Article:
The defendants, however, maintain that Russell ana McDonald were not the original and first inventord of the improvement here in qnestion. . To sustain this defense, reliance is placed upon the testimonyof R. C. Nugent, as to his prior use of a lower roll having a supporting extension. The only instance of the use of a machine thus organized, of which he speaks with any degree of certainty, was the case of a small machine which he exhibited at the Cincinnati exposition. He says he hfl,d an idea the lower roll should project far the plate to rest on, and in that machine he allowed it to stick out he thinks about three-quarters of an inch beyond the top roll; but finding the extension of no use, and indeed an impediment, he had it cut off. This machine, it must be remembered, was not flanging for the market, but was merely on exhibition. Moreover, such light work as it did was cold flanging. It had nothing to do with the treatment of heavy hot plates. If, then, we should accept all that Mr. Nugent says on this subject as strictly true, it still follows, from his own account of the matter, that he not only failed to reduce his idea to practical use, but after an unsuccessful experiment abandoned his conception. Hence this field of invention was left open to others to enter. Whl,tely v. Swayne, 7 Wall. 685. Again, it is contended that the supporting extension of the lower roll is within the scope of the prior Nagent patent, (No. 166,715,) and that, at the most, this improvement involved merely the exercise of ordinary mechanical skill. We search, however, the Nugent patent in vain to discover any suggestion or hint that the lower roll is to be extended beyond the end of the upper one, or that any useful purpose would thereby be subserved. On the contrary, the drawing shows the two rolls to be so arranged that their outer ends are in the same vertical plane, and the specification describes them as projecting an equal distance beyond the outside of the frame-work. The complainants, who had acquired the Nugent patent, in operating a flangingmachine built under it, experienced the practical difficulty already mentioned from the formation of a bead or ridge around the outside of the flanged plate. The solution of the problem, how to obviate this defect, involved-First, the discovery of the cause thereof; and then the application of an appropriate remedy. Now, the evidence indicates that neither the one nor the other was obvious. Indeed, the expert witnesses in this case yet differ as to the cause; and it is shown that it was not until after an experimental use of the complainants' original machine, extending over a period of perhaps several months, that the difHculty was met by the arrangement of the rolls devised by Russell and McDonald. I think, then, the improvement may fairly be ascribed to the exercise of the inventive faculty, and that it is the subject of letters patent within the general rule laid down in Loom Co. v. Higgins, 105 U. S. 580. ft is, however, strenuously urged that the organization of the rolls, as specified in Russell and McDonald's first claim, does not in fact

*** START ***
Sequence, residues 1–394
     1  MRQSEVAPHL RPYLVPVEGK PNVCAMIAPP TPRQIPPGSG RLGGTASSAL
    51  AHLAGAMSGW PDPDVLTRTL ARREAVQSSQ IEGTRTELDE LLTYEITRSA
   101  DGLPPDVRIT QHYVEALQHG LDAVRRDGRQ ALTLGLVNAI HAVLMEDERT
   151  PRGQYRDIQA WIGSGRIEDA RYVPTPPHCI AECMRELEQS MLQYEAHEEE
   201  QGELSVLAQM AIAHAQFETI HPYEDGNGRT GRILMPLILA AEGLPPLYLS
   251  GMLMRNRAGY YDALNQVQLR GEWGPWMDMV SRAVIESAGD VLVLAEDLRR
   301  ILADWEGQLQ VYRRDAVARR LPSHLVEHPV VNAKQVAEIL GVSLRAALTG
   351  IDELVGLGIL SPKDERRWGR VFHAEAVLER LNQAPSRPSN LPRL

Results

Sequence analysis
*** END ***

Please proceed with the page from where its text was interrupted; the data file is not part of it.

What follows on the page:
prevent the formation of the objectionable bead or ridge. But surely such allegation comes with ill grace from parties who have seen fit to copy this arrangement. If it is inefficacious, why do they use it? To this searching query no satisfactory answer has been given. The defendants' witnesses say the admitted difficulty arising from the formation of the bead or ridge can be and is obviated by placing the pivotal point of the table which holds the plate in a certain position with reference to the flanging rolls. I am by no means persuaded that in this they are correct. But if they are right, the defendants are at liberty to resort to that mechanical arrangement. So long, however, as they employ the patented improvement they ought not to expect a defense resting upon an alleged want of utility to find much favor with the court. But I may add that upon the question of utility the weight of the evidence, in my judgment, is clearly with the complainants. Having reached the foregoing conclusions as respects the first claim of the patent in suit, I deem it unnecessary to determine whether or not there has been infringement of the second·claim. Let a decree be drawn in favor of the complainants.
Trustee, and others v.
(Oircuit Oourt, D. Oonnecticut.
March 23, 1885.)
PATENTS FOR INVENTIONS-PATEN'l'ABII,ITY-AN'l'ICIPA'l'ION MOVABLE Tops-INFRINGEMEl'i'r.
Reissued patent No. 10,363, granted to Horatio G. Parker, trustee, August 7, 1883, for an improvement in children's carriages, compared with the patent issued February 11, 1868, to Buin & Ulrich, and the patent issued June 9, 1868, to Eliphalet S. Scripture, and the first claim of said reissue !teld valid, and infringed by sales by defendant of carriages having a canopy top, rigidly secured to two rigid arms, one depending on each side of the carriage, and pivoted at their lower ends to standards rigidly fastened on each side of the carriage body by means of friction-plates lind a thumb-screw, which causes the plate to which it is attached to relax or renew its grasp, so that the top can be moved in any position, and may drop in front of the seat or behind it, or may be held in an upright or intermediate position.
In Equity. Strawbridge d; Taylor and Benj. F. Thurston, for plaintiffs. John W. Konvalinka, for defendant. SHIPMAN, J. This is a bill in equity to prevent the infringement of reissued letters patent No. 10,363, granted to Horatio G. Parker, trustee, August 7, 1883, for an improvement in children's carriages. The nature and distinctive features of the invention are desctibed in the specification of the reissue as follows:
"This invention relates to that class of carriages haVing a square or canopy top, and its object is to enable the child to be seen and taken from t he carriage by the attendant withont leaving the position she must occupy for propelling it by the handle at the back; and also to enable the child's face to be protected from the sun or wind when they are in the direction in which the carriage is pushed; and it consists in such an arrangement and construction that